In operation, a dirty gas stream enters the scrubber tower 12 through the dirty gas stream flow-through inlet 14 and flows toward the clean gas stream flow-through outlet 16. As the dirty gas stream moves toward the outlet 16 it is subjected to a spray of water or chemical reactive solution from the nozzles 20. Subsequently, the gas stream now containing entrained liquid mist of either water of chemical reactive solution flows to the first mist eliminator device 24. Upon reaching the first mist eliminator device 24 the gas stream first enters the upstream portion 42 of the gas flow passages 32 wherein the gas stream is caused to change its flow direction to correspond to the inclination of the upstream portions 42. In so doing, some liquid mist is centrifuged out of the gas stream and additional liquid mist is separated out of the gas stream by impact against the upstream planar wall sections 40 of the baffle members 30. This separated liquid mist migrates in a downstream direction along the surface of the upstream planar wall sections 40 until it meets the first flanges 46 which trap this separated liquid mist and cause it to coalesce. The coalesced liquid mist then drains in coalesced streams back out of the upstream portions 42 of the gas flow passages 32 counter the flow of the gas stream. Because of its coalesced condition, it is not re-entrained in the gas stream. Subsequently, the gas stream flows from the upstream portions 42 of the gas flow passages 32 whereupon it is again caused to change its flow direction back to its original direction prior to entering the upstream portions 42 of the gas flow passages. In so doing, additional liquid mist is both separated out of the gas stream by centrifugal action and by impact against the downstream planar wall sections 40 of the baffle members 30. This separated liquid mist migrates in a downstream direction along the surface of the downstream planar wall sections 40 until it meets the second flange 48 which traps this separated liquid mist and causes it to coalesce. The coalesced liquid mist then drains in coalesced streams back out of the gas flow passages 32 counter to the flow of the gas stream, but because of its coalesced condition it is not re-entrained in the gas stream. The separated now coalesced liquid mist falls downwardly to the bottom of the scrubbing tower 12 wherefrom it is removed via the discharge conduit 22.

After exiting the downstream portions 44 of the first mist eliminator device 24, the gas stream continues toward and through the second mist eliminator device 26 wherein any liquid mist remaining in the gas stream is removed prior to the discharge of the gas stream through the clean gas stream flow-through outlet 16 of the scrubbing tower 12.

The foregoing detailed description is given primarily for clearness of understanding and no unnecessary limitations should be understood therefrom for modifications will become obvious to those skilled in the art upon reading this disclosure and may be made without departing from the spirit of the invention or the scope of the appended claims.

Patent Citations
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US2911011 *Feb 20, 1958Nov 3, 1959William M NiehartHumidifying apparatus
US3517486 *May 8, 1967Jun 30, 1970Delta P IncVane-type separator
US3849095 *Sep 25, 1972Nov 19, 1974Regehr ULouver arrangement for a liquid/gas separator
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Referenced by
Citing PatentFiling datePublication dateApplicantTitle
US4601731 *Jul 2, 1985Jul 22, 1986Koch Engineering Company, Inc.Chevron-type mist eliminator and method
US5104431 *Jun 20, 1990Apr 14, 1992Peerless Manufacturing CompanyHigh capacity vane
US5230725 *Dec 11, 1992Jul 27, 1993Munters CorporationMutli-layer type mist eliminator
US5662721 *Jan 18, 1996Sep 2, 1997Abb Environmental Systems, Div.Of Abb Flakt, Inc.Entrainment separator for high velocity gases
US5679120 *Aug 15, 1995Oct 21, 1997Kuraco LimitedGrease filter
US6083302 *Aug 13, 1998Jul 4, 2000Abb Environmental Systems, Division Of Abb Flakt, Inc.Has at least one section, preferably two sections, with two passes followed by an extended trailing edge. this design is shown in tests to be as effective as four pass designs, while being easier to clean.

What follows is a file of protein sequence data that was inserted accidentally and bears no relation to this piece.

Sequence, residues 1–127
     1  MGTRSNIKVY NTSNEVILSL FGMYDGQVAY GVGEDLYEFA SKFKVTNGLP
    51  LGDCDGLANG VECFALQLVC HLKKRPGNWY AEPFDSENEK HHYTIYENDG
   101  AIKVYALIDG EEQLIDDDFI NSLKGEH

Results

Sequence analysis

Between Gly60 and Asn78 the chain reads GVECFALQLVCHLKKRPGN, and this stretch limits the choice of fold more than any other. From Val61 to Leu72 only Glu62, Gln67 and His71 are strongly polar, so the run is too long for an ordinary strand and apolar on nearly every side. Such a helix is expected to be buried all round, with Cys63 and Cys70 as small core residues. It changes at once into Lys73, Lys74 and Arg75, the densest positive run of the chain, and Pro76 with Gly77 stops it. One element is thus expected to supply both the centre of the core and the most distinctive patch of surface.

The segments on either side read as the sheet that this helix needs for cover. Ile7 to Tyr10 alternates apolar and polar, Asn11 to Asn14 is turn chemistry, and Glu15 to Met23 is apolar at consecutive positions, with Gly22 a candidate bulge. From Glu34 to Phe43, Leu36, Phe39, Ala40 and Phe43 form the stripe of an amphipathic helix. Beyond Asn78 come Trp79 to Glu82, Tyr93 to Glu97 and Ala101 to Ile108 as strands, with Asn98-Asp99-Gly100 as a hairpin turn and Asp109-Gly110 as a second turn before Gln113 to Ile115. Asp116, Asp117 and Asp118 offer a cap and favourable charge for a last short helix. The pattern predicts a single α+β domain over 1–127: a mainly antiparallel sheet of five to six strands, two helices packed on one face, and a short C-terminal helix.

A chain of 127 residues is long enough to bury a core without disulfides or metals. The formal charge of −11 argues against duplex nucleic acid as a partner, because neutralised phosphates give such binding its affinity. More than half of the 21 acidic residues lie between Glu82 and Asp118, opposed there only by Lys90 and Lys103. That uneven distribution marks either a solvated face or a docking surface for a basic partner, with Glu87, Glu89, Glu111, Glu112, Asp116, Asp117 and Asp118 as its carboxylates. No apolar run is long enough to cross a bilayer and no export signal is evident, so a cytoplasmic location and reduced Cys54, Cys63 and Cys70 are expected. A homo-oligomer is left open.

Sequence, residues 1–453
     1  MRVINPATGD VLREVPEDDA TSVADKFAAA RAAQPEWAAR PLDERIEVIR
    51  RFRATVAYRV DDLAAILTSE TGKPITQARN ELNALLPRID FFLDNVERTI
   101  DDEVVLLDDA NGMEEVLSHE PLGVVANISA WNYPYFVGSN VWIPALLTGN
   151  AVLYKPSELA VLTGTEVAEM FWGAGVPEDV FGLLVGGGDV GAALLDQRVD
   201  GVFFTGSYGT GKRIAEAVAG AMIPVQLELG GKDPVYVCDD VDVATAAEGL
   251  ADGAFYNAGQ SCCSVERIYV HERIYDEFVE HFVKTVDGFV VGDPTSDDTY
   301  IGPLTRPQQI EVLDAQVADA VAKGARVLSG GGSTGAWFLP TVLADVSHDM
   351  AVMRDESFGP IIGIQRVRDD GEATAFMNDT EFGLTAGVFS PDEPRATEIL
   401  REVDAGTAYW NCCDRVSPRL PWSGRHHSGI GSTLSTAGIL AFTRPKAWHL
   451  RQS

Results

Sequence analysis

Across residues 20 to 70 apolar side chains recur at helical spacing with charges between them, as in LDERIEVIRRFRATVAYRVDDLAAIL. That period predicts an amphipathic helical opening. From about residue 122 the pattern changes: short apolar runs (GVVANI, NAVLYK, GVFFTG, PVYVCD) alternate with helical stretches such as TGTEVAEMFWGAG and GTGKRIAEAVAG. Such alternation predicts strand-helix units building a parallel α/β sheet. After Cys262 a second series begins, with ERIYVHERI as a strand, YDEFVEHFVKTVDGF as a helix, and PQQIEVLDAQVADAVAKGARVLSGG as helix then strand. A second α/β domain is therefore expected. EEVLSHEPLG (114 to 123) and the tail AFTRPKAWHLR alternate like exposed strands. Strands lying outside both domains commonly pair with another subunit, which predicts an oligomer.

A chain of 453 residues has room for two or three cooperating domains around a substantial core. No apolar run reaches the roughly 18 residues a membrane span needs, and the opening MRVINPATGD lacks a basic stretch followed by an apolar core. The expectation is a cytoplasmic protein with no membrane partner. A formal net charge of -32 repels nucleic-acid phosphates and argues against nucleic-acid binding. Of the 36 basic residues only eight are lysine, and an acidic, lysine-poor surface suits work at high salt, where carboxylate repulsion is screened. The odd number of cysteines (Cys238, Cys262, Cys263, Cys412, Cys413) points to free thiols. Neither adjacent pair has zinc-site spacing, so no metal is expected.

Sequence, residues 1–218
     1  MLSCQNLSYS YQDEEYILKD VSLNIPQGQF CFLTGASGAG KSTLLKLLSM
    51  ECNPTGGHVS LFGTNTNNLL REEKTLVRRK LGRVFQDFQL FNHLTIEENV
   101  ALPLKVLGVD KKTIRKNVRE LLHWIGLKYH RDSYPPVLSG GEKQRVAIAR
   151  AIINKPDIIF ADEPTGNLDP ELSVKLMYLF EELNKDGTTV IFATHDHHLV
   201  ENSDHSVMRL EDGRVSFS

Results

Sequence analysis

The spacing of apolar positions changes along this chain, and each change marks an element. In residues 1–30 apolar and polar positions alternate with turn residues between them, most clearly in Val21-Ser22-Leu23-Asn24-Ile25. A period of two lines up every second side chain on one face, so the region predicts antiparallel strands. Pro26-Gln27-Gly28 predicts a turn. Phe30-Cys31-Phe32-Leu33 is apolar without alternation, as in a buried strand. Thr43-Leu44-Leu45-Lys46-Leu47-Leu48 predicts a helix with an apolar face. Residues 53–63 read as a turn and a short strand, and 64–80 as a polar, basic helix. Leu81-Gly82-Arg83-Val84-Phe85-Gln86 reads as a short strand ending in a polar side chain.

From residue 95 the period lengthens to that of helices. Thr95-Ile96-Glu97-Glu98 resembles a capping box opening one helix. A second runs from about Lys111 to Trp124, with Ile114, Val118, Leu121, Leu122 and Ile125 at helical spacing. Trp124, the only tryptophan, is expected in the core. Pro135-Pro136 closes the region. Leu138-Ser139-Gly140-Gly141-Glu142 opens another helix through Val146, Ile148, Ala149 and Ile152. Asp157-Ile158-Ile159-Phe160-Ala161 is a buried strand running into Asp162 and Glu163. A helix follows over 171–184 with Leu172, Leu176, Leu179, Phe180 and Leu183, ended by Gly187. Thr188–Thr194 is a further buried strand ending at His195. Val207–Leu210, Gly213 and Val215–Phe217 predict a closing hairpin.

US6322755 *Aug 6, 1997Nov 27, 2001Shell Oil CompanyIn the presence of a solid catalyst in a three-phase slurry reactor which includes a slurry zone and a freeboard zone
US7326286Apr 9, 2007Feb 5, 2008Mitsubishi Heavy Industries, Ltd.Exhaust gas treating tower
US7674304 *Jun 26, 2008Mar 9, 2010Brentwood Industries, Inc.Drift eliminator with formed beveled tip
US7905937 *Sep 5, 2008Mar 15, 2011Koch-Glitch, LPTwo-stage mist eliminator and method
US8206491 *May 20, 2010Jun 26, 2012Runtech Systems OyApparatus for water separation in the vacuum system of a paper machine and method for utilizing the same
US8216331 *Jun 13, 2011Jul 10, 2012Rentschler Reven-Lüftungssysteme GmbHPlate-like separator for separating liquids from a gas stream
US8292992 *Jan 29, 2008Oct 23, 2012Mitsubishi Heavy Industries, Ltd.Flue gas desulfurization apparatus
US20090188393 *Jan 29, 2008Jul 30, 2009Mitsubishi Heavy Industries, Ltd.Flue gas desulfurization apparatus
US20110247497 *May 20, 2010Oct 13, 2011Runtech Systems OyApparatus for water separation in the vacuum system of a paper machine and method for utilizing the same
US20110314777 *Jun 13, 2011Dec 29, 2011Rentschler Reven-Luftungssysteme GmbhPlate-like separator for separating liquids from a gas stream
DE3634126A1 *Oct 7, 1986Apr 21, 1988Steinmueller Gmbh L & CScrubbing tower having a scrubbing tower shell for a flue-gas desulphurisation plant
EP0489575A1 *Dec 3, 1991Jun 10, 1992Paladon(Engineering) LimitedModular device for separating liquids from gas streams
EP1066871A1 *Jul 5, 2000Jan 10, 2001Mackowiak, Jerzy, Dr.-Ing. habil.Device for separating liquid drops from a gas flow, in particular from air
EP1510242A1 *Jul 9, 2004Mar 2, 2005Mitsubishi Heavy Industries, Ltd.Exhaust gas treating tower
Classifications
U.S. Classification96/356, 55/440
International ClassificationB01D47/06, B01D45/08
Cooperative ClassificationB01D45/08, B01D47/06
European ClassificationB01D47/06, B01D45/08
Legal Events
DateCodeEventDescription
Mar 28, 2000ASAssignment
Owner name: AAF-MCQUAY INC., KENTUCKY
Free format text: TERMINATION OF SECURITY INTEREST;ASSIGNOR:BANK OF NOVA SCOTIA, THE;REEL/FRAME:010731/0130
Effective date: 19940721
Owner name: AAF-MCQUAY INC. 215 CENTRAL AVENUE LOUISVILLE KENT
Oct 12, 1999ASAssignment
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Apr 6, 1989ASAssignment
Owner name: ALLIS-CHALMERS CORPORATION, 1126 S. 70TH STR., W.
Free format text: ASSIGNMENT OF ASSIGNORS INTEREST.;ASSIGNOR:AMERICAN AIR FILTER COMPANY, INC.;REEL/FRAME:005063/0240
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Jul 28, 1983ASAssignment
Owner name: CONNECTICUT NATIONAL BANK THE, A NATIONAL BANKING
Owner name: WOODS KATHLEEN D., AS TRUSTEE
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Effective date: 19830329